Minister for Health James Reilly has said he acted with complete propriety concerning a €1.9m judgment which was registered against him as part of a consortium that failed to comply with a High Court order.
Dr Reilly said the judgment arose from an investment made in a nursing home in Co Tipperary 12 years ago.
The minister told the Dáil that he sought at all times to comply with his obligations under the code of conduct for office holders.
He said that he was a minority shareholder in the investment.
Minister Reilly said efforts were being made to resolve the issue and he rejected suggestions that his investment in a nursing home was a conflict of interest.
Fianna Fáil TD Michael McGrath said it was a very serious matter that a minister of substantial means remained in contravention of a High Court order.
Dr Reilly made the statement about his investment in the Dáil shortly before 10pm.
Earlier, Fianna Fáil leader Micheál Martin said the timing was a most curious time to have a debate.
Sinn Féin leader Gerry Adams said the Opposition wanted time to question the minister.
It emerged that Dr Reilly had consultations with the Standards in Public Office Commission (SIPO) in respect of his role as one of five investors in the Co Tipperary nursing home.
Before becoming a minister, Dr Reilly transferred his power of attorney to his solicitor in relation to the investment and this was then again transferred to another independent solicitor.
A spokesman for Dr Reilly confirmed this morning that this process was undertaken following contact with SIPO.
It was taken to distance Dr Reilly from involvement with the investment.
Yesterday, Mr Kenny and Tánaiste Eamon Gilmore expressed their confidence in Dr Reilly.
His name was published in the Stubbs Gazette as one of the five-member consortium owing a €1.9m debt arising from the investment in the nursing home.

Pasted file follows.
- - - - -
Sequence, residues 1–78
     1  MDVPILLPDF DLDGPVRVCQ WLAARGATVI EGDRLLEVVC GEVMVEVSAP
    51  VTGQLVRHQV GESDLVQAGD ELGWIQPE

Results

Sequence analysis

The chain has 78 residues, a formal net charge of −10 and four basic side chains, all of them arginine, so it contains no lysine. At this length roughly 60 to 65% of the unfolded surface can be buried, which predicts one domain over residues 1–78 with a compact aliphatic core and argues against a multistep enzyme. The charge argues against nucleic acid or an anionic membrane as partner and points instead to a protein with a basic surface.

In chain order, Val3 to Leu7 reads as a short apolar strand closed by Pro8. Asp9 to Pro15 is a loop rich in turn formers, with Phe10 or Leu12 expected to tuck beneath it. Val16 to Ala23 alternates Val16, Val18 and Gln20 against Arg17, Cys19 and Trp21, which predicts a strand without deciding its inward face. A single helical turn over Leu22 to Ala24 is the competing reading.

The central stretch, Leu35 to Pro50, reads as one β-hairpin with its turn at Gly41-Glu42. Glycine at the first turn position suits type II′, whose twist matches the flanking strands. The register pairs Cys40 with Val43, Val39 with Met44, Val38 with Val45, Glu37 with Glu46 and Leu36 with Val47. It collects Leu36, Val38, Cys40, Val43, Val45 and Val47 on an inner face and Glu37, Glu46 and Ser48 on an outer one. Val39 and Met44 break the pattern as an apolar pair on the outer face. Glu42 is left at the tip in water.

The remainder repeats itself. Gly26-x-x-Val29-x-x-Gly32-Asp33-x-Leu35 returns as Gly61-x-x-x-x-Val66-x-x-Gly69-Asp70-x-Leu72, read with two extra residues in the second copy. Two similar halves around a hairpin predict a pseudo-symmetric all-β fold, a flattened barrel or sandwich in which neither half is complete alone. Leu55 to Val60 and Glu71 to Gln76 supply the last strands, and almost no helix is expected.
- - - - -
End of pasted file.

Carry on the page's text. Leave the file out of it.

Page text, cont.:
It is also understood that while the €1.9m is owed, the payment of this money ran into difficulties over a leasing issue and the drawing down of a new mortgage on the property.
These issues have been resolved and the monies owed will be paid.
A spokesman for the minister also said that Dr Reilly had, from the outset, instructed his solicitor to divest him of any interest in the consortium at the first opportunity.
Responding to charges of a potential conflict of interest as an investor in a private nursing home at a time when public nursing home places are being reduced, the spokesman pointed out that the minister has been pursuing a policy of trying to enable more elderly people remain at home and will shortly announce further measures to facilitate this.
Serious questions to answer - Martin
Speaking on RTÉ’s Morning Ireland, Mr Martin said it was a serious issue for a minister not to be in compliance with a High Court order.
Mr Martin said he believed there had been a muddying of the waters in relation to the revelation that the SIPO advised the minister.
He also said the Commission could not give guidance in terms of compliance with a High Court order.
He said: "I think it is a serious issue, in terms of the public interest, that a Government Minister would not be in compliance with a High Court order in relation to a serious debt matter.
"We had an earlier issue some time back with Mick Wallace and the debt he owed to the Revenue.
"In this case, we have a public representative who owes a significant debt to private individuals, and the High Court has made a determination on that, and that determination and that order has not been followed through."
Sinn Féin Health Spokesperson Caoimhghín Ó Caoláin said that it is a conflict of interest for Minister Reilly to part-own a private nursing home.
Speaking on RTÉ's Today with Pat Kenny, Mr Ó Caoláin said that upon taking up his portfolio as Minister for Health, Dr Reilly had indicated that he had divested himself of any interests in the private health care area, but that this was not the case.
He said: "It is not appropriate in my view that a minister that is presiding over the closure of public nursing home beds is also somebody who is a known investor in the private nursing home sector. That is a clear conflict of interest."